http://en.wikipedia.org...

I'm not sure how you can possibly dismiss a homoeobox when talking about the genetic variation.

You seem to completely ignore my points on Evo-Devo in favor of a simplistic "variation as a blackbox" explanation.

Variation is not truly random, not in the sense of flipping a coin. Depending on histone density and adjacent primers, some areas of the genome undergo greater selection than others. Depending on how "core" a sequence of genes may be, the greater or lesser selection pressures.

The Hox gene is an example of the kind of "body-plan" variation you get in the cambrian explosion that becomes "locked" into the genetic makeup. If you mutate the homeoboxes, the organism is rarely viable.

I highly suggest this book (http://www.amazon.com...) for a good start for Evo-Devo.

If you don't want to read a book, try this article: http://www.pnas.org...

Teaser: The basis for all evo-devo research covered in this issue is, arguably, the Cambrian "explosion."

Thanks for sharing the links and thanks for entertaining this discussion with me.

To begin, I am not sure we are talking about the same thing. I am not describing evolutionary convergence. I am speaking generally about how variations allow a species to occupy a new niche. In my view, the niche doesn't always provide selective pressure for the trait to evolve, which is what I think you are referring to when you apply your evolutionary convergence claim to this aspect of the discussion. Moreover, species don't have to evolve a new trait to adapt; they might begin utilizing a non-adaptive or preadaptive trait that was not produced by the selective pressures of the new niche http://www.merriam-webster.com.... This speaks to the impetus of this forum topic: why some "fit" animals would appear to have an imperfect design.

I believe our difference lay in how we view natural selection as it pertains to biodiversity. I do not believe natural selection is the only factor involved in evolution, specifically convergence evolution. There is a large body of evidence that suggests that convergence evolution can occur through the results of selective constraints that stem from biases in the production of the variation, genetic drift, and shared patterns of genetic correlation. (http://onlinelibrary.wiley.com...) In addition, as the author points out in the above link: " if a taxa share the same development system (and thus the same constraints), they will be predisposed to evolve in the same way, producing convergent evolution."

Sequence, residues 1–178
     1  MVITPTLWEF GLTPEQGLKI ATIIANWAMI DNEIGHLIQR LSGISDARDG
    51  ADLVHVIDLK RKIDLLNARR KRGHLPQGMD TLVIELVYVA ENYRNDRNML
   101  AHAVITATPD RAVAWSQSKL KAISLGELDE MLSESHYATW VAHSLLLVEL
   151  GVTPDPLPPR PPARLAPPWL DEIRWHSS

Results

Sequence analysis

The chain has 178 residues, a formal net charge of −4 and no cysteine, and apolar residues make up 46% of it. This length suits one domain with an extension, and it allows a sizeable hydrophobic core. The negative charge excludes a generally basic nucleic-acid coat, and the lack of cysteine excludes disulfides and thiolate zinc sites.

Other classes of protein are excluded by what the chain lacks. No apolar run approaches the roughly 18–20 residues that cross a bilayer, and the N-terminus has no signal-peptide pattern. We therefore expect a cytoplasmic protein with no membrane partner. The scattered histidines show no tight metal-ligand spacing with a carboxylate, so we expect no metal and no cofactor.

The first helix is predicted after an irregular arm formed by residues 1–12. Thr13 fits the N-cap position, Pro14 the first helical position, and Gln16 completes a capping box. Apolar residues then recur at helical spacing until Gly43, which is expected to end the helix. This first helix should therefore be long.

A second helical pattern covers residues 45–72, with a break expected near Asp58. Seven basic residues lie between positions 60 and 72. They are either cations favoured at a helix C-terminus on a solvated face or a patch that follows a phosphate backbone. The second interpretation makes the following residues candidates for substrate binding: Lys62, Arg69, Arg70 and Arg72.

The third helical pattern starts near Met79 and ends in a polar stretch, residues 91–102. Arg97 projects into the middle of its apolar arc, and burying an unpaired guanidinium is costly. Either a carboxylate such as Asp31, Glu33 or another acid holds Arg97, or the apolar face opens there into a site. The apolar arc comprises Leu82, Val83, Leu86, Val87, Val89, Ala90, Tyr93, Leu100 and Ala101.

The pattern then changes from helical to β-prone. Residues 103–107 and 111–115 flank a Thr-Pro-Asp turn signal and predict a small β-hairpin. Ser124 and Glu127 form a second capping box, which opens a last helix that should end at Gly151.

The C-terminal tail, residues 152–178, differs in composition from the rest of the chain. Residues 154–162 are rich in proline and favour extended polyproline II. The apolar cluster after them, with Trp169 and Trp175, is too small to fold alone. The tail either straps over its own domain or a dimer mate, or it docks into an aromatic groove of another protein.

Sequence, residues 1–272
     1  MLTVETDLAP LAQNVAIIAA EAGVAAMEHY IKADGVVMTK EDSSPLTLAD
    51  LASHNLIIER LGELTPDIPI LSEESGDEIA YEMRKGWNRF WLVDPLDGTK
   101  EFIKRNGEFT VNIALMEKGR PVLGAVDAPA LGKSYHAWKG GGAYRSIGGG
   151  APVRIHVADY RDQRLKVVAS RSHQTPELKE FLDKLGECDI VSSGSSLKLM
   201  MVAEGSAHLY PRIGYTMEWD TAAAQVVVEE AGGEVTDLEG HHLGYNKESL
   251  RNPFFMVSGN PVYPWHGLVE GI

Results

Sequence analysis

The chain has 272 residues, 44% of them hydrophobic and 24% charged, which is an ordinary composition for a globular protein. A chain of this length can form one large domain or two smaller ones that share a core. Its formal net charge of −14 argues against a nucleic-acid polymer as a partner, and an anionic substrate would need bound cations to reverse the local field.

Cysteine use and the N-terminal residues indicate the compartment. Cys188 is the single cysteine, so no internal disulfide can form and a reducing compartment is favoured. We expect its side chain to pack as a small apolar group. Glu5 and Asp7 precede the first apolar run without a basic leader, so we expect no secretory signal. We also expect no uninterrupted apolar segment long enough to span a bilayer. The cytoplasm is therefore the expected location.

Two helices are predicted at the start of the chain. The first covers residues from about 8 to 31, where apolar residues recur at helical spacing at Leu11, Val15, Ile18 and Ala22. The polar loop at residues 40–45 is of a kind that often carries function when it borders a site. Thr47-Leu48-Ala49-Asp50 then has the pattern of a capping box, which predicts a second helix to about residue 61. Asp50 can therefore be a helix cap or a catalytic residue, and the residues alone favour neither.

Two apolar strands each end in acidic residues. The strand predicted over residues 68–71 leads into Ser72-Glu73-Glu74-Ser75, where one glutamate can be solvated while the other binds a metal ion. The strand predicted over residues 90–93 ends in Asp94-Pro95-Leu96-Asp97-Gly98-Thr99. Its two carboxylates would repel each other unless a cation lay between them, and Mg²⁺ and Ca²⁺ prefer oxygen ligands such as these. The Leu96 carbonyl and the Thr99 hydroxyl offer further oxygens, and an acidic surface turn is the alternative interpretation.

Also, I didn't dismiss your Homeobox example. But the regulation of this gene is highly complex and works in concert with other gene products, so it is hard to imagine that natural selection would be the only factor to have ensured the Hox gene remains functional within a complex genome. And I am not ignoring your Evo-Devo points. I am just not sure the Homeobox sequence or Evo-Devo can fully explain all the biodiversity that popped into existence during the Cambrian explosion. (My wife has some interesting ideas here and is clearly on your side of the debate)

In the final analysis, it is obvious that evolution is a complicated idea that has many mechanisms to provide for the successful transfer of traits. But to me it seems naïve to assume that natural selection is the only guiding force. This is evident when different behaviors can result from to the same selective pressure (ibid). Moreover, not all traits have the same functional capacity (ibid) thus a similar trait may not represent a selective adaption to the same environmental pressure.

I'm quite familiar with niche adaptation.

Natural selection acts a probabilistic sieve for variation. Factors like genetics drift, neutral selection, and such act on the probability of an organisms survival when natural selection is involved.

Evolutionary co-option (preadaptation) is a mechanism of variation. Co-option will have no evolutionary advantage unless the relevant selective pressures are there.

Saying that environment determines selection pressures really is not a profound or controversial statement. Variation can lead to better exploiting an existing niche or gaining the ability to exploit new ones.

Selection (on the level of organisms) can only act on PHENOTYPES not genotypes. Of course Hox genes aren't singularly selected when natural selection occurs on the level of organisms (as opposed to gene-level selection a la selfish gene). As I have repeatedly said, the hox gene is an example of how the evolution of "core genes" which lock bodyplans can create a multitude of variation inside certain bounds.

Natural selection keeps homeoboxes "functional" for the simple reason that non-functional homeoboxes almost never lead to procreation. Nothing magical about it.

I don't recall suggesting natural selection on DNA is the only mechanism for traits. Epigenetics uses neo-lamarckian trait transfer, neutral selection and genetic drift can lead to bottlenecks which force evolutionary pathways where they otherwise would not be. Living fossil species are examples of selection pressures over many generations having no phenotype effect while dramatically changing the genome.